# Scientific Notation

**Scientific notation** is a system of writing numbers so that they are easily evaluated and manipulated. The format is standardized to be easy to read, with one single-digit integer written ahead of the decimal point and an exponent showing the overall magnitude of the number.

Scientific notation offers a way to avoid the tedium, awkwardness, and potential for error that comes with calculations involving very large or very small numbers. How much does the sun weigh? How much does a single hydrogen atom weigh? Questions from astronomy, physics, chemistry, geology, and biology often involve scales that are difficult to conceptualize and manipulate.

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## Using Exponents

The sun, a star made up mostly of hydrogen and helium, weighs roughly 2,000,000,000,000,000,000,000,000,000,000,000 grams.

Toward the other end of the spectrum, a single hydrogen atom weighs around 0.0000000000000000000000017 grams.

Very few calculators have displays that reach 24 decimal places.

The values above can also be expressed as \(2 \times 10^{33}\text{ g}\) for the weight of the sun, and \(1.7 \times 10^{-24}\text{ g}\) for the hydrogen atom, numbers that are far easier to manipulate mathematically, and perhaps easier to understand as well. Since people do not have any hands-on experience with objects as tiny as an atom or as heavy as a star, these values can be hard to comprehend, let alone compare, without exponents. Scientific notation shows the relationship between different values and allows for easier movement between scales.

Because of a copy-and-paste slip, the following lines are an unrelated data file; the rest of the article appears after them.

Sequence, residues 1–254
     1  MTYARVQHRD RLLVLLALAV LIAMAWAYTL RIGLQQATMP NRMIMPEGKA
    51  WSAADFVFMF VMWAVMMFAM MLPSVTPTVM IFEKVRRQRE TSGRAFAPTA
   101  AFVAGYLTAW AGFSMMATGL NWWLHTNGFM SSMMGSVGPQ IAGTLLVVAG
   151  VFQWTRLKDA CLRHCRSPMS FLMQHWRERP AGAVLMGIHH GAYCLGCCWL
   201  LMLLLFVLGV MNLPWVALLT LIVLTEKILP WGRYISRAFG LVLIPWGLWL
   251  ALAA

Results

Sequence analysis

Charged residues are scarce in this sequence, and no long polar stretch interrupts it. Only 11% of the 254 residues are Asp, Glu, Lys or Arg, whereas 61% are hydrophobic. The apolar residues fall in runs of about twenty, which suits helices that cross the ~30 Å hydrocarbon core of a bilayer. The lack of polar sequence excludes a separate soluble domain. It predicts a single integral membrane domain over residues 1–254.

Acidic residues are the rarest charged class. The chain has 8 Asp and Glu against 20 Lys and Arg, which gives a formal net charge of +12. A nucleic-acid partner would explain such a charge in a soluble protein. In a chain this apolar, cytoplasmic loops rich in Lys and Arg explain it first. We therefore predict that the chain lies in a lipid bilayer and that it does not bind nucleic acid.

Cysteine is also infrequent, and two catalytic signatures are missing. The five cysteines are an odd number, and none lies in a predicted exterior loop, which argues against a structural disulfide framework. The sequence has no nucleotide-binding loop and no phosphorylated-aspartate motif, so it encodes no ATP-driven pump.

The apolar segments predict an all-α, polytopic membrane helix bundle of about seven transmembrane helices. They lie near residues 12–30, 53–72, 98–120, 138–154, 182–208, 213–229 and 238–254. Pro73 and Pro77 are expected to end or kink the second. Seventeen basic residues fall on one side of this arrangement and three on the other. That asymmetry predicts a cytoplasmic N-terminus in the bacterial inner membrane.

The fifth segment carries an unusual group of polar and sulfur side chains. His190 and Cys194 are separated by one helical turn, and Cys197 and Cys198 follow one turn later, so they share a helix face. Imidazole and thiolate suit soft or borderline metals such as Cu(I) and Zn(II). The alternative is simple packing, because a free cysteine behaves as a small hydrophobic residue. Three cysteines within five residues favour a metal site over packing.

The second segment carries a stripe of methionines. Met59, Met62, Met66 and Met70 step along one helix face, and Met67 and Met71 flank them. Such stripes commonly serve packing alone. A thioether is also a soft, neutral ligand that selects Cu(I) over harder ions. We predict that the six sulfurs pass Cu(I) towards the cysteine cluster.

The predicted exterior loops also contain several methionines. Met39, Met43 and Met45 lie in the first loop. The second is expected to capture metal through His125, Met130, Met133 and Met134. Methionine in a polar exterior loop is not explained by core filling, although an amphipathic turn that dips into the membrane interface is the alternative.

## Standard Format

Scientific notation is written using 10 as the base number and an exponent, as in \( a \times 10^b, \) where

- \( 1 \leq a < 10 \)
- \( b \) is an integer, which can be positive or negative.

A simple way to convert a number to scientific notation is to move the decimal point to the left or right the number of places needed to get a number \(a\) such that \( 1 \leq a < 10 \). The number of places the decimal point was moved is \( b \). If the decimal point was moved to the **left**, \( b \) is positive (the original number is larger than \( b \)) and if the decimal point was moved to the **right**, \( b \) is negative and the number being represented is smaller than \( b \).

Write \( 1234567 \) in scientific notation.

\[ 1.234567 \times 10^{6} \]

Write 0.000000901 in scientific notation.

\[ 0.000000901 = 9.01 \times 10^{-7} \]

Scientific notation is helpful in two ways:

- The exponents allow for quick and accurate comparisons. It is much easier to evaluate which number is larger between \( 3 \times 10^{8} \) and \( 3 \times 10^{11} \) than it is to compare \( 300000000 \) and \( 300000000000 \).
- It conveys the number of significant figures in a measurement. Thus, \( 1.2000 \times 10^{-5} \) tells that the measurement is known with more certainty than \( 1.2 \times 10^{-5} \) even though they are numerically equivalent.

## Addition and Subtraction

Numbers written in scientific notation **cannot** be added or subtracted **unless** their exponents \(b\) all have the same value. The operations are then carried out on the values of \(a\).

Add \(1.42 \times 10^2\) and \(3.45 \times 10^3.\)